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Part 1: Spotlight on 7 landmark cases

It was another good year for high-profile cases reported in the media in 2016, writes Carl Olson.

In the first of two articles in this series, we lift out three cases, two with important legal ramifications and another that hasn’t changed the law much, but has seized the public imagination and indignation.

Intending to be reckless? Best to be reckless without any intention

In Zaburoni v The Queen (2016) 256 CLR 482, the High Court emphasised the importance of distinguishing between reckless behaviour and behaviour involving intention to transmit HIV.

The appellant, Mr Zaburoni, was found guilty of unlawfully transmitting a serious disease with intent to transmit the disease contrary to the Criminal Code (Qld), s 317(b).

Mr Zaburoni knew not to engage in sexual intercourse without taking protective measures, however he persuaded the complainant to engage in unprotected sex over a protracted period. After the complainant was diagnosed as HIV-positive, the appellant told a number of lies both to her and to the police which suggested consciousness of guilt.

The High Court held that common law concepts of foreseeability, likelihood and probability were not relevant to proof of the element of intention for the offence created by the Criminal Code, s 317(b).

Where proof of the intention to produce a particular result is an element of liability for an offence under the Code, the prosecution is required to establish that the accused has meant to produce that result by his or her conduct. Knowledge or foresight of the result, whether possible, probable or certain, is not a substitute in law for proof of a specific intent under the Code. Proof of the s 317(b) offence required the prosecution to establish beyond reasonable doubt that, at the time the appellant engaged in unprotected sexual intercourse with the complainant, his purpose was to transmit HIV to her.

A rational inference open on the evidence was that the appellant was reckless of the risk of transmitting HIV to the complainant. Such an inference made it less easy to reach a conclusion that the appellant intended to transmit the disease through frequent unprotected sexual intercourse.

The High Court dismisses our collective gasps

Many people who have forgotten to make their credit card payment in time have gasped at the late payment fee that is imposed. In Paciocco v Australia and New Zealand Banking Group Ltd (2016) 90 ALJR 835, the High Court was asked to hear our collective gasps. They heard, but weren’t impressed.

The appellant, a business owner and head of the representative proceeding, argued that various late payment fees were penalties and/or unconscionable or unfair, and contrary to various provisions of the Australian Securities and Investments Commission Act 2001 (Cth), the Australian Consumer Law and the National Consumer Credit Protection Act 2009 (Cth).

However, the High Court found that the appellants had failed to establish that the late payment fees were a penalty and that the relevant test was whether a provision for the payment of a sum of money on default was out of all proportion to the interests of the party intended to be protected by that provision. A sum stipulated for payment on default is a penalty if it bears no relation to the possible damage to or interest of the innocent party. Here, ANZ Bank had an interest in receiving timely payment of the credit extended to its customers. Late payment impacted the bank’s interests through operational costs, loss provisioning and increases in regulatory capital costs.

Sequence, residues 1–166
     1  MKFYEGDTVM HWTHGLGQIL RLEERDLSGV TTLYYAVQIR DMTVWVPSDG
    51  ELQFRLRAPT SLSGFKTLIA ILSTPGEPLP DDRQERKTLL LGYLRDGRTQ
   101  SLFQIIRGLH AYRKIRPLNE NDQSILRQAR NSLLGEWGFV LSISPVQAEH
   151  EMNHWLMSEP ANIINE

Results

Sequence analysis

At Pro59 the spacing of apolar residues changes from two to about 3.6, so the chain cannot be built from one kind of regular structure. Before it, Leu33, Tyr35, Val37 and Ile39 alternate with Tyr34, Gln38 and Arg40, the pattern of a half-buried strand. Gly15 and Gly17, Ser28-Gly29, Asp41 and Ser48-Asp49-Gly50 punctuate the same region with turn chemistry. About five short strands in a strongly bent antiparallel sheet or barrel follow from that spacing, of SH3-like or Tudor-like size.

It was also noted that Mr Paciocco had chosen to pay late and incur late payment fees as a matter of his own convenience.

Grasping for a Gold Card – politicians try ‘The Castle’ defence to get their ‘property’ back

In Cunningham v Commonwealth (2016) 90 ALJR 1138, the High Court was asked to decide whether four retired politicians had had their property acquired otherwise than on just terms when their travel benefits were removed.

The challenge, under the Constitution, s 51(xxxi), drew comparisons with the popular 1997 Australian film The Castle, where that section of the Constitution was used to stop a family home being acquired to extend an airport runway.

The four retired MPs challenged the validity of various provisions of statutes related to their retirement allowances and travel benefits (‘Life Gold Passes’) for former parliamentarians and also of the powers of the Remuneration Tribunal. The plaintiffs contended that those allowances amounted to property rights within the meaning of the Constitution, s 51(xxxi), and that changes to those provisions and the connected tribunal determinations constituted or authorised the acquisition of their property otherwise than on just terms.

The High Court held that neither the sections under challenge nor the determinations contravened the requirements of s 51(xxxi) as the rights to retirement allowance under the Parliamentary Contributory Superannuation Act 1948 (Cth) were inherently liable to variation, being dependent on the ambulatory will of the Commonwealth Parliament.

Carl Olson is an ANZ product management director at Thomson Reuters Legal.

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